After leaving Squawk, we began to meet with the obstructions which we had all along dreaded – a great fire had just passed over our track, and the trail was covered with fallen timber, which was smouldering, so the axe had to be brought into use. Every Western man knows how to handle this mainstay of the pioneer, and Mr. Denny plied it with vigour and skill, but we had some difficulty in getting our horses through, as the flames frightened them. Singular effects are produced by these fires; the scorched trees assume rich red and yellow tints, exactly as if in autumn season; but in other places the charred and blackened trunks, the hideous stumps, leaves curled up to cinders, the earth strewn with ashes, and the light of the sun obscured, present a sad and melancholy spectacle. About the middle of the day, the road opened out into a beautiful and park-like country, but we had to surmount three steep hills before camping. At length the tall firs began to dwindle, and the forest opened out, showing glimpses of the sky. Presently there was the welcome sight of the tops of some cotton-wood trees, always an indication of bottom-lands and of water. We stopped about five o’clock, at a Mr. Boorst’s, on the outskirts of Snoqualmie prairie, about forty miles from Seattle, having only made 300 feet of elevation since leaving Squawk. We camped in a beautiful orchard, which, with the farm-buildings, strongly reminded me of those comfortable and substantial-looking homesteads which are met in the valley of St. Gervais, on the Italian side of Mont Blanc – homesteads that suggest peace and plenty –a land flowing with milk and honey. The ranch adjoins the river Snoqualmie, which runs at the rear of the house; and after the heat and dust of the journey, we enjoyed a refreshing bath in its cold waters.
Next morning, three of the party started to visit the Falls of the Snoqualmie. The river is about fifty yards broad, and presents the usual characteristics pertaining to the lower portions of streams in this territory; viz., long reaches of firs, sprinkled with cedar and maple, alternating with cotton-wood and alder; the banks are occasionally covered with a dense growth of willows and underwood, while at every sharp bend of the stream there are piles of logs and driftwood, brought down by the spring freshets, and every now and then snags obstruct the way. After proceeding down the river about three miles, we came to the top of the falls, and crossed to the other side. We then made a steep descent, through forest as usual, till we gained the river again, and walking up it along the banks, over smooth and slippery boulders, came to a point where the spectacle was superb. An immense amphitheatre of perpendicular cliffs bounds the view. These are apparently of trap rock, with seams of quartz and sandstone, the latter uppermost. The river plunges in one leap of 275 feet over the centre, with a loud roar. Clouds of mist and spray rise up from the basin beneath, and a beautiful effect is produced by the waters in their descent. They resemble immense icicles, constantly elongating till broken, then reforming, and ever renewed. When one reflects that this immense volume of water pours forth from day to day, from age to age, throughout the rolling centuries, with its deep tone of music, its everlasting anthem, it gives one a grand image of Almighty power, of the majesty of the Creator. I thought of certain grandseaux at Versailles, much vaunted in their day, and reflected how feeble are man’s best works, compared with those of God! People who have seen the falls earlier in the season say that the month of June is the best time for visiting them, as there is then a still larger volume of water.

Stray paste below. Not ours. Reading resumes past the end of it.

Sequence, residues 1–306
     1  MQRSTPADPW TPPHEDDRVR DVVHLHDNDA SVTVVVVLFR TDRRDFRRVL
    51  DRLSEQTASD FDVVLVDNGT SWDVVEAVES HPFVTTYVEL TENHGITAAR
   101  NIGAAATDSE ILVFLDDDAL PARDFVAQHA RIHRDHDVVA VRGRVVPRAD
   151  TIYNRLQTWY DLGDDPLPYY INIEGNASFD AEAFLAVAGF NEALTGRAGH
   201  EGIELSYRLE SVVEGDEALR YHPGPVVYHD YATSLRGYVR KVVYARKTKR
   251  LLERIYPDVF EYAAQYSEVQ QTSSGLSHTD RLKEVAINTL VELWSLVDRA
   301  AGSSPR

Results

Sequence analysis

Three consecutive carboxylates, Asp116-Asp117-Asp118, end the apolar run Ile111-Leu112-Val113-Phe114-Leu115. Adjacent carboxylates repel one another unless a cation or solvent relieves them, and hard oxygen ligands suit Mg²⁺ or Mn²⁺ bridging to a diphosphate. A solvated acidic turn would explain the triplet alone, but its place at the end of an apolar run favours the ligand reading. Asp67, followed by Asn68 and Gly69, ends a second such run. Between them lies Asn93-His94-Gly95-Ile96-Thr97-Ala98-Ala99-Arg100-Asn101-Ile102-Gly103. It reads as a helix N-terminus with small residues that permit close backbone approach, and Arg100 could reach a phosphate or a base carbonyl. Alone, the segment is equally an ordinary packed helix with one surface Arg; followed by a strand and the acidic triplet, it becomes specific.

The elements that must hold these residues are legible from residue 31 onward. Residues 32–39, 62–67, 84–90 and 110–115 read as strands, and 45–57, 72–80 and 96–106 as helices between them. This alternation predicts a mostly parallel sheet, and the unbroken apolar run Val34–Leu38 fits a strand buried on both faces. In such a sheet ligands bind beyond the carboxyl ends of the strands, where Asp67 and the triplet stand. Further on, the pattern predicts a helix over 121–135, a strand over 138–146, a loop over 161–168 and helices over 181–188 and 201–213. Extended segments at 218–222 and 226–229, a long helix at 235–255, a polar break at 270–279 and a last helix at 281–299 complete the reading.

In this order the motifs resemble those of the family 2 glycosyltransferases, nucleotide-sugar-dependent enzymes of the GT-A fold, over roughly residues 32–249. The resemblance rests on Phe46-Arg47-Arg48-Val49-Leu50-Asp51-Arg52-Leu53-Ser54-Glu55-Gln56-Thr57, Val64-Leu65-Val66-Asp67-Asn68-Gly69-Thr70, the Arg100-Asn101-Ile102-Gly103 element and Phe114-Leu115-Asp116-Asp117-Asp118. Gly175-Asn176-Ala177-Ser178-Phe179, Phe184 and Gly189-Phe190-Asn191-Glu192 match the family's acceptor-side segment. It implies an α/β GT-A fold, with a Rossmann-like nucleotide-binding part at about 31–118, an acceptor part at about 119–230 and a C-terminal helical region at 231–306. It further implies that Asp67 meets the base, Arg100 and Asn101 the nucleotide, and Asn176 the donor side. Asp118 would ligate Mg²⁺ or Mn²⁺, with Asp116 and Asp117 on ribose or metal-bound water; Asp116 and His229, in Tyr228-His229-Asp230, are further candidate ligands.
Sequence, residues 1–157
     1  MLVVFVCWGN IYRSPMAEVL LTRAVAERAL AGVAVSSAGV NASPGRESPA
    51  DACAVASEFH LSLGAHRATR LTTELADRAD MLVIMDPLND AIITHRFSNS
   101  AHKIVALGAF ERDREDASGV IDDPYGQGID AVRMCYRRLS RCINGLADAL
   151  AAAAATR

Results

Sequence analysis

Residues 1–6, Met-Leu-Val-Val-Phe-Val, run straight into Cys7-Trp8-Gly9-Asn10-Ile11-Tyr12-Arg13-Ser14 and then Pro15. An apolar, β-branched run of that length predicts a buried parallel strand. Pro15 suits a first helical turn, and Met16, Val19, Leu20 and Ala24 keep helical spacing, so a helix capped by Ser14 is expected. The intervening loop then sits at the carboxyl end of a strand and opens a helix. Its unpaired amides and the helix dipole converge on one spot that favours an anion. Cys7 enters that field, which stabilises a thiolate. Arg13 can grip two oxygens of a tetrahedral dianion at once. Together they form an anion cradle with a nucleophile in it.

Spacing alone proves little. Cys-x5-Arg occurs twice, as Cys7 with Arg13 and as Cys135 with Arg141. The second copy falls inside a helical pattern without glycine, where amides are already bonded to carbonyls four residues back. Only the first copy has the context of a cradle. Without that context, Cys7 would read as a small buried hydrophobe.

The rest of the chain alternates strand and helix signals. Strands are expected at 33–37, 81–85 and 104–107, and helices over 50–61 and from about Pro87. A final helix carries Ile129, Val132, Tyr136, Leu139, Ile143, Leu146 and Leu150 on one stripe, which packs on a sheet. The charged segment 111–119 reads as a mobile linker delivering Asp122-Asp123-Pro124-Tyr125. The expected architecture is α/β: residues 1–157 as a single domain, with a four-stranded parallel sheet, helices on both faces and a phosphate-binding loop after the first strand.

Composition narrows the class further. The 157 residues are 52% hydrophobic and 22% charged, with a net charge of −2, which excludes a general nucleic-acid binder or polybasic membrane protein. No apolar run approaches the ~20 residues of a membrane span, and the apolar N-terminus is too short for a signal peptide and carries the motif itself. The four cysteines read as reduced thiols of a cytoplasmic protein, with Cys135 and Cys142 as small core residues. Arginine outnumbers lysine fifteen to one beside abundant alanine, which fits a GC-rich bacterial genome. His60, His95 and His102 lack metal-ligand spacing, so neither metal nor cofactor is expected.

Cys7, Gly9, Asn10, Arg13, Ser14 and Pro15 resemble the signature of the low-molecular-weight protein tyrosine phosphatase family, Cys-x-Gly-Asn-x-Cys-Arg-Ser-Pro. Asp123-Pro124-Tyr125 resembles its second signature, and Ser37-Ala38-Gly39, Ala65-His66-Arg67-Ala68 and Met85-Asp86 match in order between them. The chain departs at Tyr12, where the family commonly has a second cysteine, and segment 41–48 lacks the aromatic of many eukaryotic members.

We resumed our journey on the following morning. Mr. Boorst joined us; we were also accompanied by an Indian woman, who went by the name of the “Widow,” together with her young husband – this being her third –as he was to guide us to a reported lead of plumbago near the pass which we were desirous of examining. On leaving Mr. Boorst’s, a fine view of the Cascade Range presented itself. Shortly after, we entered upon the Snoqualmie prairie, which is about four miles long, and from one and a half to two miles wide. It was unenclosed, and reminded me of an English common, in the absence of trees, besides being perfectly level, and covered with fern. There were blackberries, as well as a quantity of strawberries, and many plants of the same species as those found on open lands in England. Eight settlers live here. They have all large farms, averaging from 100 to 200 acres. The principal produce is hogs. They also raise cattle, and cure bacon, which finds a ready market at Seattle. Nearly all the open land hereabouts is taken up. We stopped at a ranch, and bought some hay, not being quite certain where we should camp at night. After crossing a considerable portion of the prairie we came to the river, and left the road, which continues on to the Cedar River Pass.
The timber growing on the banks comprises fir and cedar; it is of a very fine quality, being suitable for lumber. Salmon run up in the winter, and up the Yakima or Cedar River in the early spring. Fording it, we crossed a couple of good-sized prairies, from one and a half to two miles across, divided by belts of timber, and about eleven o’clock came to a very steep ridge, called “Perkins’ backbone,” as Mr. Perkins before mentioned first blazed the trail. It is about one mile in the ascent, and divides the middle and south forks of the Snoqualmie, the latter being the one we had hitherto followed. The ridge is very narrow, in one part not more than ten feet across.